Poem: Deborah’s Image

So today’s readings from the Revised Common Lectionary included the song sung by Deborah and Barak in Judges 5:1-12. I worked hard to write a good poem for Deborah as her story does not get told enough in the church. Like a lot of the strong women of scripture, it seems to me that her story is relegated to Women’s Bible Studies and that’s a shame. The world can always use a good example of strong women in leadership.

So here’s the poem. I’ve entitled it Deborah’s Image. Obviously, it is an acrostic of Deborah’s name.

Don’t look in the mirror and see a project that needs to be fixed–you carry the image of women like Deborah.
Everyone has an opinion about how you should live your life, but strong women begin by believe in who they could be.
Believe in yourself, believe in your falling, believe that you are here for days like today.
Outrageously enough, strong women can come from anywhere and can change everything.
Release your fear, claim your heritage, and believe in yourself.
Armies may stand against you, fear may gather behind you, doubt may circle around you, but you carry the image of strong women.
Have faith, believe, and understand that God call us all–you do have a very special place in our world.

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This work by Robert Dean is licensed under a Creative Commons Attribution-ShareAlike 4.0 International License.


Poems: Rev. 16:1-7, Psalm 123

I returned late yesterday from the most recent session of the Academy for Spiritual Formation. My wife had sent me a text and I completely misunderstood the urgency. I rushed into town expecting to head to the hospital. I was mistaken.

While at the Academy I began to explore writing poetry again. It has been several years since I have engaged in writing poetry on a regular basis. I brought a book of poetry to help me to pass the nights in silence. I fell asleep the first night of the Academy with a stanza of poetry ringing through my mind. I awoke after a night full of beautiful dreams remembering why I loved poetry.

When a particular time in reflective silence inspired me to attempt to write a poem the floodgates were flung wide open. I started scribbling, scribbling, and scribbling some more during my free time. I spent an hour reflecting in poems, prayers, and psalms before heading to bed that night. I felt as if a long dormant part of my personality was finally breathing after years of holding a breath.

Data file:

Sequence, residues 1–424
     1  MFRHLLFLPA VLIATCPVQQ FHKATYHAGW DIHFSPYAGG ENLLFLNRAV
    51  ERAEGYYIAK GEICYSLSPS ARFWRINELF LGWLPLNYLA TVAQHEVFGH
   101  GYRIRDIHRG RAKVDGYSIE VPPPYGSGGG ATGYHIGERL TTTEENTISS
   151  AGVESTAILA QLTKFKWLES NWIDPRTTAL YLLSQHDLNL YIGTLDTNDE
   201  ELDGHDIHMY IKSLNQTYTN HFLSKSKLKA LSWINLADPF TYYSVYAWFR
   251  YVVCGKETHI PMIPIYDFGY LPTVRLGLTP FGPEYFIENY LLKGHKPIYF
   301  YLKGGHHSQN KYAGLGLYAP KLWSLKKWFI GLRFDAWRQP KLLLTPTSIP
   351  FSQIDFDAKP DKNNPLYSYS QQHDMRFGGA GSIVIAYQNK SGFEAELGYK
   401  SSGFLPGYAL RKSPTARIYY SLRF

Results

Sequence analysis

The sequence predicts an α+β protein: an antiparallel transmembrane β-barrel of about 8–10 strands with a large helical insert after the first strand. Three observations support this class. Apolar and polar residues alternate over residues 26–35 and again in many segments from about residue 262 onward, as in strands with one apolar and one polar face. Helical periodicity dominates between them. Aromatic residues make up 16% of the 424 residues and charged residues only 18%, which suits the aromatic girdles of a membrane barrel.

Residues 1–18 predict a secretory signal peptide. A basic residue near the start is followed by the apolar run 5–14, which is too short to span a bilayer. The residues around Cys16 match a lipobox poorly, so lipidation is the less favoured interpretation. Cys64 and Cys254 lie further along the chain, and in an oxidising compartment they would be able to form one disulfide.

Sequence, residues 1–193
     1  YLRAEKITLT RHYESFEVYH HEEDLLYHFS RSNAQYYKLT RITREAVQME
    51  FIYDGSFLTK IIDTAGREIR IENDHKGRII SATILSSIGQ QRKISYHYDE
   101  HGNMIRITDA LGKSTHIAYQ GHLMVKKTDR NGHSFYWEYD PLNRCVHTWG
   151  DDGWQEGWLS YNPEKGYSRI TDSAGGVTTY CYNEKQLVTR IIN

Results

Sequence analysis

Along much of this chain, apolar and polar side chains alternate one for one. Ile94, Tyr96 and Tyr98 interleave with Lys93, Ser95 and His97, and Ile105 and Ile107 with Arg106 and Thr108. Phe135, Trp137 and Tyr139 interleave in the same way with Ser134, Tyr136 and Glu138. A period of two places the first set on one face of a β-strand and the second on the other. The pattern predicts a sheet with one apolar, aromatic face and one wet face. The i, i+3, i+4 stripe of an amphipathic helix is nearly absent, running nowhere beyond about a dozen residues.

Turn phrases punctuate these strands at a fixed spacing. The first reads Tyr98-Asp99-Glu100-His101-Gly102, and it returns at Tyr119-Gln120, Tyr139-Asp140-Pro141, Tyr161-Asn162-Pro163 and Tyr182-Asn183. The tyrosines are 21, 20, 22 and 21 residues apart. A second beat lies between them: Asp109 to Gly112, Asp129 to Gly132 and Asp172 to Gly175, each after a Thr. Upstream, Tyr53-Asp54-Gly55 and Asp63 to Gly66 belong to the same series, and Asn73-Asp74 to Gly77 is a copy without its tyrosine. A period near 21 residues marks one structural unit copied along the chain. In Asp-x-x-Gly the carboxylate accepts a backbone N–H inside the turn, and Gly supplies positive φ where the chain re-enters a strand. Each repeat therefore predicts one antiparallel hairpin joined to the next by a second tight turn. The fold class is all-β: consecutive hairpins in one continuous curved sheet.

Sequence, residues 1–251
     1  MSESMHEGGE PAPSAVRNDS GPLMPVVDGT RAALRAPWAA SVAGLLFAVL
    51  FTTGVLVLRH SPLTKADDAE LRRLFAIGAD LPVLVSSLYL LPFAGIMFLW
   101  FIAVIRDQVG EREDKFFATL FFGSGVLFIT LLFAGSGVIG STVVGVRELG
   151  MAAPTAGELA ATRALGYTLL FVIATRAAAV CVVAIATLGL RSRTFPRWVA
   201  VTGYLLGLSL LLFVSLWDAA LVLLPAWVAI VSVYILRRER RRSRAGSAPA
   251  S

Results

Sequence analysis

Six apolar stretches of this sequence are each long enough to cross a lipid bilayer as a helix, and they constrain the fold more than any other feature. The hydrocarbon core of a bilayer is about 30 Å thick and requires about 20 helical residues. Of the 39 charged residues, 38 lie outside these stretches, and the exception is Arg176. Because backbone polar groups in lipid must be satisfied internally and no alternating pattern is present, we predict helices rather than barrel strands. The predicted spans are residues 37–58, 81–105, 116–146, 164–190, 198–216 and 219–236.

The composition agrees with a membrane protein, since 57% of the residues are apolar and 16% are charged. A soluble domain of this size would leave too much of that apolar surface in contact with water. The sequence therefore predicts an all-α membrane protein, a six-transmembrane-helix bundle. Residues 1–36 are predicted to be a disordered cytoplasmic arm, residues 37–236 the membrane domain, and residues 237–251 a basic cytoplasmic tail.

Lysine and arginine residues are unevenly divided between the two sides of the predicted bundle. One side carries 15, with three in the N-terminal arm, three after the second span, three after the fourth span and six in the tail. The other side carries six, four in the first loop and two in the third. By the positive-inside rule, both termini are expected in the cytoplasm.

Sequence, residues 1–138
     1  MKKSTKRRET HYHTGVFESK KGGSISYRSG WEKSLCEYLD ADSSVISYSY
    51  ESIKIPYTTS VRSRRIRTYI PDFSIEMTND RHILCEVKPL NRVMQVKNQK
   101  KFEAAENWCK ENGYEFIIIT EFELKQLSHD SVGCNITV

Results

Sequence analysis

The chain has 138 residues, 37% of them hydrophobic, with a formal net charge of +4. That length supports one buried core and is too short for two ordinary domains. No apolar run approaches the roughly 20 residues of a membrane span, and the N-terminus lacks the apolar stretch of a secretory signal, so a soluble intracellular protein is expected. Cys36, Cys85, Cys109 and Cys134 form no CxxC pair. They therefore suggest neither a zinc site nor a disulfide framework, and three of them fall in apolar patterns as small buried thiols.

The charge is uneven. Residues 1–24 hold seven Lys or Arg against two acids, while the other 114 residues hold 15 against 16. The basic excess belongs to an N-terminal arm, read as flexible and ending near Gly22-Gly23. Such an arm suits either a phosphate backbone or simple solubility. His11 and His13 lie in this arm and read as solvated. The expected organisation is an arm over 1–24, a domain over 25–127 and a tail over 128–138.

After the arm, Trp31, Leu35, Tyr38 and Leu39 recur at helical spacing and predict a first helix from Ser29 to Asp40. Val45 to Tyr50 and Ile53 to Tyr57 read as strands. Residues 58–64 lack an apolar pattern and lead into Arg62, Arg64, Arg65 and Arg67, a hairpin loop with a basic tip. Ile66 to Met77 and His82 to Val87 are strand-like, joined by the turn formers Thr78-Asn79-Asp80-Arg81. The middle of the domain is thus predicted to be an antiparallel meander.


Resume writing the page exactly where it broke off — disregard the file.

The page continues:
For the next 18 months (at least), I have set poetry writing based on the daily readings from the Revised Common Lectionary to be a part of my ongoing covenant to grow closer to God. Why? First, you cannot write poetry on a passage without reflecting upon the passage first. Second, most of my poems are shaped around prayer language. Third, it allows me to keep that part of my soul breathing.

To be clear, I am not always going to be sharing poems that I write. As a matter of fact, I wrote three poems today and the first one that I wrote is not for public consumption. Sometimes the poems will just be bad. Occasionally, I am going to take time off. On rare occasions, the poems may not be appropriate, like the poem I wrote based on the Judges reading today. With that being said, I do not mind sharing poetry on occasion.

Today’s readings in the Revised Common Lectionary include Revelation 16:1-7 and Psalm 123. I will share the Revelation poem followed by the Psalm poem.

Pointless Bowl

A voice calls out from the temple:
“Pour out your bowl into the sea!”
So, I pour into brackish water.

A face watches from the shore.
Nothing moves, jumps, or tries to flee.
Eyes behold a sea of slaughter.

He wrote these things down at Patmos long ago.
He did not understand all of the things he did see.
This devastation came as humanity’s daughter.

Silenced Hope

My soul has had her fill.
Scriptural words make hope lie still.
Look at my heart and give dreams to me.
The only Source of light that I see,
Break apart contempt and pride.
Lead us to life–be our Guide.

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This work by Robert Dean is licensed under a Creative Commons Attribution-ShareAlike 4.0 International License.